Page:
• TracerLPM: Teasing out the distribution of groundwater ages in a single groundwater sample is a thorny task, but has been made easier by the development of the tool TracerLPM, an Excel workbook for interpreting groundwater age distributions from environmental tracer data.
     
  • Dissolved Gas Modeling and Environmental Tracer Analysis (DGMETA) Tool: Use DGMETA to compute recharge conditions from dissolved gases and environmental tracer concentrations commonly used for determining groundwater ages and reaction rates. (This tool will be released in 2019.)

 

Determining Groundwater Age

Groundwater age is determined from the measurement of age “tracers”, chemical or isotopic constituents dissolved in the groundwater. These tracers include naturally occurring isotopes, which decay at a known rate; isotopes that were introduced into the atmosphere at known times relating to nuclear tests; and manufactured gases whose concentration in the atmosphere over time is known.

Young groundwater is commonly defined as water that entered the aquifer since about 1950 because several chemical and isotopic substances related to human activities were released into the atmosphere since that time.  The presence of these substances in groundwater tell us that the water is young. These substances include tritium (3H), which was released into the atmosphere by detonation of nuclear bombs in the 1950s and early 1960s, chlorofluorocarbons (CFCs), which were released into the atmosphere from refrigeration and other uses from the 1930s through the 1980s, and sulfur hexafluoride (SF6), which is used primarily in electrical equipment and manufacturing semiconductors and whose use has been increasing steadily since about 1965. These age-dating tracers can help water-resource managers to develop management strategies for shallow groundwater systems that contain mostly young groundwater.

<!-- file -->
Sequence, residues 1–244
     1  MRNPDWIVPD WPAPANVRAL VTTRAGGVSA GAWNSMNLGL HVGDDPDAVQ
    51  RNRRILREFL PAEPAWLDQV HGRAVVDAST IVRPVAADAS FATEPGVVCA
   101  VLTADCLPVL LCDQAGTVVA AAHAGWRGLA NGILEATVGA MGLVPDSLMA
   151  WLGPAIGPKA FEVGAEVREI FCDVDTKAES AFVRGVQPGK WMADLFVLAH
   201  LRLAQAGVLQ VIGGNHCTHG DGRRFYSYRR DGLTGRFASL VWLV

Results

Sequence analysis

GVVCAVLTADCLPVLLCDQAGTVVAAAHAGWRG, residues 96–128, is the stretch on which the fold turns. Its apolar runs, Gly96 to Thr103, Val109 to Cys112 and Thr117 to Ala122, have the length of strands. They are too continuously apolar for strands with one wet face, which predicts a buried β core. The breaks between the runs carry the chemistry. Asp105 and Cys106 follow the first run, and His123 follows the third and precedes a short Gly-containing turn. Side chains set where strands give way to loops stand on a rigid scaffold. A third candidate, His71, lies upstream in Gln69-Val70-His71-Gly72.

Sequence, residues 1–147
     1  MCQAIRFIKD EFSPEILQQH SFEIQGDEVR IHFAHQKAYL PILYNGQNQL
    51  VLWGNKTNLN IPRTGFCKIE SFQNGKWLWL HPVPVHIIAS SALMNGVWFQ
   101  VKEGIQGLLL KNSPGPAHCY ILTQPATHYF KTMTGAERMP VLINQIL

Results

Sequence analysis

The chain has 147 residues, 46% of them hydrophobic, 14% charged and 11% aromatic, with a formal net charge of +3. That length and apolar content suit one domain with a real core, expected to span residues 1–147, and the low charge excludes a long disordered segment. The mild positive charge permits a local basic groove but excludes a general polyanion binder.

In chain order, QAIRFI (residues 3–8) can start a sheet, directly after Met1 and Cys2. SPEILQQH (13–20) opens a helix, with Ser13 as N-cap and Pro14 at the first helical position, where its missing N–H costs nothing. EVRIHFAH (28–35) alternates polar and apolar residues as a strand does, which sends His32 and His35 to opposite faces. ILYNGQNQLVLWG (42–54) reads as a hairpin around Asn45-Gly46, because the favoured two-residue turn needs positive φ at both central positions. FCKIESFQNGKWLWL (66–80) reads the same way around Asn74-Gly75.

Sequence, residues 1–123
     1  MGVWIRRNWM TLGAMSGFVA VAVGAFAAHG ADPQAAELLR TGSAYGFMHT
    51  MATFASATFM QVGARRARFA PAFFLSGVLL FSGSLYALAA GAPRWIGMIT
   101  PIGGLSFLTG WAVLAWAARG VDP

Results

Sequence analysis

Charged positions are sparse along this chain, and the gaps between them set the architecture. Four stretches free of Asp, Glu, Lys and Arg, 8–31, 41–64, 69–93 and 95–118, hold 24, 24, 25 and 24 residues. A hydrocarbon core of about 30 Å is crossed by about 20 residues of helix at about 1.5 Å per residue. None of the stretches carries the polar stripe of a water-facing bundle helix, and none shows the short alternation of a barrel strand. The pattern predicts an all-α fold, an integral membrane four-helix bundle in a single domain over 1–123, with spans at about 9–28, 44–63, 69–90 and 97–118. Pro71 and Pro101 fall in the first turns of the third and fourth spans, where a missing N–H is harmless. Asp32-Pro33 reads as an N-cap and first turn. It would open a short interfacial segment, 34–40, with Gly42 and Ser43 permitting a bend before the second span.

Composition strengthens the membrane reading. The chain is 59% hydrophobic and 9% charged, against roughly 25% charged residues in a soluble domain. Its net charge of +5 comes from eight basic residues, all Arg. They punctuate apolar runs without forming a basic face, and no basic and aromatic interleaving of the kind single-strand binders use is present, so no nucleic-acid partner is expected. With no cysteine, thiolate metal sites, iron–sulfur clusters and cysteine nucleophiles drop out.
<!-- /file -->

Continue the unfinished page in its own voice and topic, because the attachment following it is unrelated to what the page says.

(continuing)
Old groundwater is defined as water that entered the aquifer before 1950 and more commonly refers to water older than 1,000 years. Many common and rare isotopes are produced naturally in the Earth’s atmosphere from the bombardment of cosmic rays or solar radiation, and their presence in groundwater can help determine the groundwater age. These isotopes are adsorbed by rainfall and can enter the aquifer with recharge. Argon-39 can be used to identify water that recharged between 50 and 1,000 years ago. Carbon-14 or radiocarbon is the most common method used to determine groundwater ages between 1,000 and 30,000 years. Groundwater older than 30,000 years can be determined using isotopes like helium-4, which is produced from the decay of uranium and thorium in aquifer solids, or by chlorine-36 and krypton-81, which decay over extremely long timescales and thus are useful for determining the age of ancient groundwater—hundreds of thousands of years old or more.

Resources on age dating groundwater can be found at the USGS Reston Groundwater Dating Laboratory web page.

Go to the Publications tab to read about USGS research that uses groundwater age dating.